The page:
Our immune system is charged with the crucial task of keeping us
safe from overwhelming infection. Time and again, our immune cells must
decide very quickly whether they are looking at an invading microbe,
which poses a threat, or a part of the body, which should be protected.
Getting it wrong - and attacking 'self' - can lead to devastating
autoimmune disorders such as rheumatoid arthritis or lupus.
‘The immune system avoids attacking its own tissues with antibodies - whilst still maintaining a strong defense against invaders.’
The immune system avoids
attacking its own tissues with antibodies - whilst still maintaining a
strong defense against invaders, suggests a new Australian research. The findings, from the Garvan Institute
of Medical Research (Sydney) and the John Curtin School of Medical
Research (Australian National University), have just been published in
the leading journal Nature Communications
The researchers have shown how the immune system can stop 'traitor'
cells - which could otherwise make damaging antibodies against the
body's own tissues (auto-antibodies) - in their tracks.
They show that a type of antibody called Immunoglobulin D or 'IgD'-
which sits on the surface of immune cells termed B cells - is
responsible for stopping the 'traitor' cells from producing
auto-antibodies. IgD keeps the cells in 'lockdown' - unresponsive to the
body's tissues, yet still capable of producing antibodies against
The findings solve a longstanding mystery surrounding the function
of IgD, whose role in the immune system has been unclear since it was
first observed 50 years ago.
Professor Christopher Goodnow, Deputy Director of Garvan and Head of
the Immunogenomics laboratory, co-led the research with Dr Anselm
Enders (who leads John Curtin's Immunization Genomics group) and Dr.
Joanne Reed (Garvan).
Prof Goodnow says, "We have known for some time that more than half
of the immune system's B cells are capable of producing damaging
antibodies against the body's own tissues - yet they don't do this. What we haven't understood before is why and how the immune system
keeps these potential 'traitor cells' alive, instead of getting rid of
them completely. Our new research shows that the antibody IgD is the key player in
locking down the traitor cells, so that the immune system can hedge its
bets between discarding these cells and drawing upon them to fight an
infection. By placing the cells that bear autoantibodies in lockdown,
IgD dials down their capacity to produce antibodies against the body's
own tissues - but keeps them alive in case they are needed to fight
invasion by a microbe."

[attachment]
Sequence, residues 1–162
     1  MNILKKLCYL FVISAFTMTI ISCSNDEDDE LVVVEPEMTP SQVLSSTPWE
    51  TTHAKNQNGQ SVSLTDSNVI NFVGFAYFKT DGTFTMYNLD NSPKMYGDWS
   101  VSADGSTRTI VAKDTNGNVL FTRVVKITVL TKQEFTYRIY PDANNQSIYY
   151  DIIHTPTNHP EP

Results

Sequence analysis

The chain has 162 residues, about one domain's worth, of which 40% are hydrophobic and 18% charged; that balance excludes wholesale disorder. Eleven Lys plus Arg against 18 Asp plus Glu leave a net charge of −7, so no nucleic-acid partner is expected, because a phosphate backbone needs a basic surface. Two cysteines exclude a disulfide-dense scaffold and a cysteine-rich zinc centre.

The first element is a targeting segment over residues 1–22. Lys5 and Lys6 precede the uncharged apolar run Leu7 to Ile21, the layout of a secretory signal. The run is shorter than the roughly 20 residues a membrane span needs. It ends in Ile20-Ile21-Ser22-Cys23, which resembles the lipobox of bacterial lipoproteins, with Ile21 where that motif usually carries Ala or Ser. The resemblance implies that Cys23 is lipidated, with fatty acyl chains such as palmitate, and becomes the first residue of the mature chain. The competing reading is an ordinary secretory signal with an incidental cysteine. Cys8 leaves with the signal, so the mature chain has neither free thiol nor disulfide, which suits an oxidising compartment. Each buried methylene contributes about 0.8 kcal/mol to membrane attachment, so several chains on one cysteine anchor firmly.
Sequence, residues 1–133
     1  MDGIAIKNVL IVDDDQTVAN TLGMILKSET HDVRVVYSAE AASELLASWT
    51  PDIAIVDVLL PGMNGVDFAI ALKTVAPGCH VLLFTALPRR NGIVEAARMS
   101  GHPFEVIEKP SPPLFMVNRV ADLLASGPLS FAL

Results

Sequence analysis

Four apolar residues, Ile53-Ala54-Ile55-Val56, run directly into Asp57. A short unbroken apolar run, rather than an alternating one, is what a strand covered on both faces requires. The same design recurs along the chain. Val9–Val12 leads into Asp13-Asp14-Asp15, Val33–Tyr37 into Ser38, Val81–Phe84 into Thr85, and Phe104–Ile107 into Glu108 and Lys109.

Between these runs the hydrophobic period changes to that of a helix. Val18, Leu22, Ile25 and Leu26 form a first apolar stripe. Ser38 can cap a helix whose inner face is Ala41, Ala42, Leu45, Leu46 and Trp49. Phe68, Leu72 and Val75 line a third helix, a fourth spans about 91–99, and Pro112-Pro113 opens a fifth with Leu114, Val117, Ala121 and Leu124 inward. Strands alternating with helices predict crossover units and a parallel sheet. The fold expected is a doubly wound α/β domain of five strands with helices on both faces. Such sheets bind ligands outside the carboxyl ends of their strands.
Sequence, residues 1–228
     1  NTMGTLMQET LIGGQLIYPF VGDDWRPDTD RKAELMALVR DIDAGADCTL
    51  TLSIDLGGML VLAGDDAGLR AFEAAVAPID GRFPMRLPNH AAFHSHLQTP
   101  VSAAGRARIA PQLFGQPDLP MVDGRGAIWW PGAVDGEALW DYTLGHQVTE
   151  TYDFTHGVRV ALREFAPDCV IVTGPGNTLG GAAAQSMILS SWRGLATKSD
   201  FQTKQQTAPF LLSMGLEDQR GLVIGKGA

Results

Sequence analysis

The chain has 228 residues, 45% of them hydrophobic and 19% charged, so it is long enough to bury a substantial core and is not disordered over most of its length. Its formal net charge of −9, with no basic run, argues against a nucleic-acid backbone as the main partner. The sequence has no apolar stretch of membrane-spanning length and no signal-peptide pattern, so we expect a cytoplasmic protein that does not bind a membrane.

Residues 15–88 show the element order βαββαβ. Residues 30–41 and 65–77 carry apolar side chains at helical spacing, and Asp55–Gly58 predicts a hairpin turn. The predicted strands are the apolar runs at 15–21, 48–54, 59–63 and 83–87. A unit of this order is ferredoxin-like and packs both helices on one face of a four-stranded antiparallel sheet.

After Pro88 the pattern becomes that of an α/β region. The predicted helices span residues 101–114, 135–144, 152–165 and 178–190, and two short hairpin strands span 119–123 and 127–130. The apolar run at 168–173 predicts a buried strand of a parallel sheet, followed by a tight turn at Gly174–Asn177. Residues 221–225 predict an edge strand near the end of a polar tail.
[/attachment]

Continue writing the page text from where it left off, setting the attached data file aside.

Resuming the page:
The researchers carried out a detailed study of gene expression
across the whole genome in locked down (or anergic) B cells from mice,
comparing mice with or without functional IgD. The studies revealed a
core set of over 200 genes, one third of which are controlled by IgD,
that together keep the cells unresponsive to the body's own tissues.
Importantly, however, the cells in lockdown are not removed from the
immune system. On the contrary, the researchers found that IgD supports
the cells to accumulate in the spleen and lymph nodes (just as other B
cells do) and, if necessary, to take part in "target training" to make
antibodies against invaders.
"Our experiments have shown that, although IgD places the B cells
that can produce autoantibodies in lockdown, it still promotes the
formation of germinal centers of those muted cells, which is like a
military special operations camp of B cells that begin sharpening their
ability to target an invader when they 'see' one," Dr. Reed says.
The presence of germinal centers is an indication that, under the
right circumstances, the cells are still capable of mounting an attack
against an invader.
"We think that the large-scale lockdown of B cells is the immune
system's way of avoiding 'holes' in its defensive line, so that it is
ready to respond to any conceivable invasion," Prof Goodnow says.
"If every B cell capable of producing autoantibodies was removed,
rather than kept in lockdown, we would severely limit the number of
foreign invaders that our immune system could recognize.
"By locking down B cells, and keeping them alive, IgD strikes a
delicate balance between protection from invaders and avoiding an immune
attack on the body's own tissues."
The findings have personal significance for Prof Goodnow, who in the
late 1980s was the first to describe the presence of an anergic,
unresponsive population of self-reactive B cells in mice.
"To have observed these cells in lockdown, at a point where they
were mysterious to us - and now to be at a point where we can define
with great clarity precisely what's happening in this population of
cells - is a remarkable thing," Prof Goodnow says.
The findings provide a new depth of understanding of the human
immune system and are likely to help cancer researchers understand how B
cells break out of their 'holding pattern' and multiply in common forms
of leukemia and lymphoma.